January 2008

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NEW CONTRACT: The Brandywine school board most likely will approve a four-year contract with the union representing teachers in the district when it meets on Jan. 28. Teachers have been working without a contract this academic year. Superintendent Jim Scanlon did not respond to a Delaforum request for terms of the agreement, which runs a year longer than previous ones, nor tell why it took so long to reach a deal. Past practice has been to wait until union members ratify contracts and not make their details public until the board completes the process. Taxpayer-financed teacher salaries are the biggest item in the district budget.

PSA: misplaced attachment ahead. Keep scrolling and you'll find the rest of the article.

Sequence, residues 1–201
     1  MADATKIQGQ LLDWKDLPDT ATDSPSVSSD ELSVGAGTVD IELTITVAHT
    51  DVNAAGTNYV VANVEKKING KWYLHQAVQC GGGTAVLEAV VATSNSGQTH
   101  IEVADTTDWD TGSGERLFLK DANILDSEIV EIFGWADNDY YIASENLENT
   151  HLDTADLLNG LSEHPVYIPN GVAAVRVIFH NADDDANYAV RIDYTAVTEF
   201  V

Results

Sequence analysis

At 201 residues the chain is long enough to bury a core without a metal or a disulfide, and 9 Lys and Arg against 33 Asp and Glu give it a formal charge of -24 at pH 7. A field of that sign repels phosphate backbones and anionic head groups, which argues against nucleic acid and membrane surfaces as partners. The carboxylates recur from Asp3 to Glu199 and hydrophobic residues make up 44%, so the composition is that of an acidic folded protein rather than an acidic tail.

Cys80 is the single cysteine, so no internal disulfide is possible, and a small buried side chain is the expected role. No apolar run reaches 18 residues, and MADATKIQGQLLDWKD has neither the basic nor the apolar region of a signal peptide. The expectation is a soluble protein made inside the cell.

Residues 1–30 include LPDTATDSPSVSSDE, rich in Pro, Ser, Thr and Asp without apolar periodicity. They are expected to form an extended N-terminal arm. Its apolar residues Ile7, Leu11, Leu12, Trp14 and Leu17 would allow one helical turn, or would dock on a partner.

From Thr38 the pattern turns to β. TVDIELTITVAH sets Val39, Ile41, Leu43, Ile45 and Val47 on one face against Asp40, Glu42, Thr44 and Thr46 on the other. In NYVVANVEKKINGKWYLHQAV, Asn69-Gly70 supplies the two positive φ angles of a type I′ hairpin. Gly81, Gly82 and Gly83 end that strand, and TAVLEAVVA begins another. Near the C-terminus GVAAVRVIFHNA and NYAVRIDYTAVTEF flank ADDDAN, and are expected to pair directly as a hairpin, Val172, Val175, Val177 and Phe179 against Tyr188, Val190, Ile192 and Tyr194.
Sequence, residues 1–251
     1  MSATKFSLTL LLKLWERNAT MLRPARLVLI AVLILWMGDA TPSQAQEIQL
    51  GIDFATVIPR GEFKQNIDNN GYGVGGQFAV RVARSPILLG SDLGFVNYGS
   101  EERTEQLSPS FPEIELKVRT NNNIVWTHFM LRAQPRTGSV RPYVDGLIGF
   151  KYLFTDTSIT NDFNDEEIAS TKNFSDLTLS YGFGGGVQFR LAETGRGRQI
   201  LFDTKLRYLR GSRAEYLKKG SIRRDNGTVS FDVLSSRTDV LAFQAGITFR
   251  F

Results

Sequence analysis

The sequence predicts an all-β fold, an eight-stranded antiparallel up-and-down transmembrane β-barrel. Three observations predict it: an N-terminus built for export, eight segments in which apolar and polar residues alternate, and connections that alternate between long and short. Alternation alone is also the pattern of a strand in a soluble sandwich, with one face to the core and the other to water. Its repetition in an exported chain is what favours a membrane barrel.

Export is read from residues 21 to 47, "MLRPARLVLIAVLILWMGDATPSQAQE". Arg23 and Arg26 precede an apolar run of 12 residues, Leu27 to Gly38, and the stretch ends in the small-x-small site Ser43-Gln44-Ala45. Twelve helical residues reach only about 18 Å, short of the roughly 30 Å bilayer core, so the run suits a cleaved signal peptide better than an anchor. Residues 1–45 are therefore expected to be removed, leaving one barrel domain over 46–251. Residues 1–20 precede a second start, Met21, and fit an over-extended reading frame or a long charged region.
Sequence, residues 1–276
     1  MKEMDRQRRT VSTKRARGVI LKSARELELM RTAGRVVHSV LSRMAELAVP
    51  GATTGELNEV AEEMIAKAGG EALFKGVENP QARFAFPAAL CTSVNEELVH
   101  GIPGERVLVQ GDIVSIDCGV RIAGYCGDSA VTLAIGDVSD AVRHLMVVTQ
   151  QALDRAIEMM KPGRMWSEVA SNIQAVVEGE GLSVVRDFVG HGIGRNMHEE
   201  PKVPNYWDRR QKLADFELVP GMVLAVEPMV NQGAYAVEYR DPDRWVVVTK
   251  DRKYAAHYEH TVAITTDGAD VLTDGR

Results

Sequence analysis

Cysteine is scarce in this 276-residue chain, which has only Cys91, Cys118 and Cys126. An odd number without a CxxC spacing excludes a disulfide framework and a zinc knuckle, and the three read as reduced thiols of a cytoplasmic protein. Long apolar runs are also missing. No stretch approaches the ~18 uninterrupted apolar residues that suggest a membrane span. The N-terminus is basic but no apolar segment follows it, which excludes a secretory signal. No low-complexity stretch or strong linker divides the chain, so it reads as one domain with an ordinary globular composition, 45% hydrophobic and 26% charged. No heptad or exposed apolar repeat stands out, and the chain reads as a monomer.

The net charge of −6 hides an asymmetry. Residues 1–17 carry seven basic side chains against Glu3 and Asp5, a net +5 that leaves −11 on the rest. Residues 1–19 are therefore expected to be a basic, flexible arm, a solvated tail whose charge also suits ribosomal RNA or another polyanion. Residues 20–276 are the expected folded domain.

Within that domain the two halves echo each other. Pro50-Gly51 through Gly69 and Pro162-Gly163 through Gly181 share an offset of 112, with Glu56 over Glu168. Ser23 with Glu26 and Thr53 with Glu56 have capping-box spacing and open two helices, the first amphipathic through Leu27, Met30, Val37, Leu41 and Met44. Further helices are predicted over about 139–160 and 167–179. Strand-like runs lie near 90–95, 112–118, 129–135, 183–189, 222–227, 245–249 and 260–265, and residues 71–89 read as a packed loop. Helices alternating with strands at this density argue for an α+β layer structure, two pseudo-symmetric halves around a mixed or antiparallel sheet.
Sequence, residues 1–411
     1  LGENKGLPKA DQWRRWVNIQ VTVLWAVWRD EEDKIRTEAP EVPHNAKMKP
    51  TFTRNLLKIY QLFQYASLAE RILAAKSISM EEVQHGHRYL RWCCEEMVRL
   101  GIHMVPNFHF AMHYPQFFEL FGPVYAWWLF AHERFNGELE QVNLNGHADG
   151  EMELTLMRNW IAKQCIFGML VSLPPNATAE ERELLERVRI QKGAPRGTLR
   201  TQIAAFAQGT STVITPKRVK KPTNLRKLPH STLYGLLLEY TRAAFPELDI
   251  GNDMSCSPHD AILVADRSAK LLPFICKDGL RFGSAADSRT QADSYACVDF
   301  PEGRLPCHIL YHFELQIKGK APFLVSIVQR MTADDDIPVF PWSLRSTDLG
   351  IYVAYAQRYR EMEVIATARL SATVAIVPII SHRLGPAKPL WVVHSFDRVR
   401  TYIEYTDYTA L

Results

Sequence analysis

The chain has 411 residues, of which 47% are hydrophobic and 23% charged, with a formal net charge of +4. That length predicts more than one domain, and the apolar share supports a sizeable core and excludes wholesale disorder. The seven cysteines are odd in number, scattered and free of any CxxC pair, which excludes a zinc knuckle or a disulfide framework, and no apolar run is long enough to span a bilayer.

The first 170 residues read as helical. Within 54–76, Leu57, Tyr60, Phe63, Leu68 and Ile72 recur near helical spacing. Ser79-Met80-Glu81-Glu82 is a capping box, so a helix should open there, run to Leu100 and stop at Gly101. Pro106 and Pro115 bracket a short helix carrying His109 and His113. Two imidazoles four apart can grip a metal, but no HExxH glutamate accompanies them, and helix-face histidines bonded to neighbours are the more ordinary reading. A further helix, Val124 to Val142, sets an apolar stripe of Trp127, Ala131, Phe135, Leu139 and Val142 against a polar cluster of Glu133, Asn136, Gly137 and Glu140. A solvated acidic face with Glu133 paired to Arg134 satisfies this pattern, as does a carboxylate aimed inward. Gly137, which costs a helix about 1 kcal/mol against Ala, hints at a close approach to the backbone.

American College, which last year pulled out of a deal to buy part of the Holy Rosary parish site to develop a campus, apparently is still interested in expanding its presence in Claymont.

County Councilman John Cartier and Brett Saddler, executive director of Claymont Renaissance Corp., said the college is "in the early stages" of exploring the possibility of locating a student- and faculty-run cafe and museum in the state-owned but idle Darley House. Although he said he would like to see details of the proposal, Cartier said it could alleviate "concern that a vacant historic property like that is vulnerable." The house, at Philadelphia Pike and Darley Road, formerly was a bed-and-breakfast inn. The museum would be devoted to the life and work of illustrator Felix Darley, who lived in the house in the 19th century.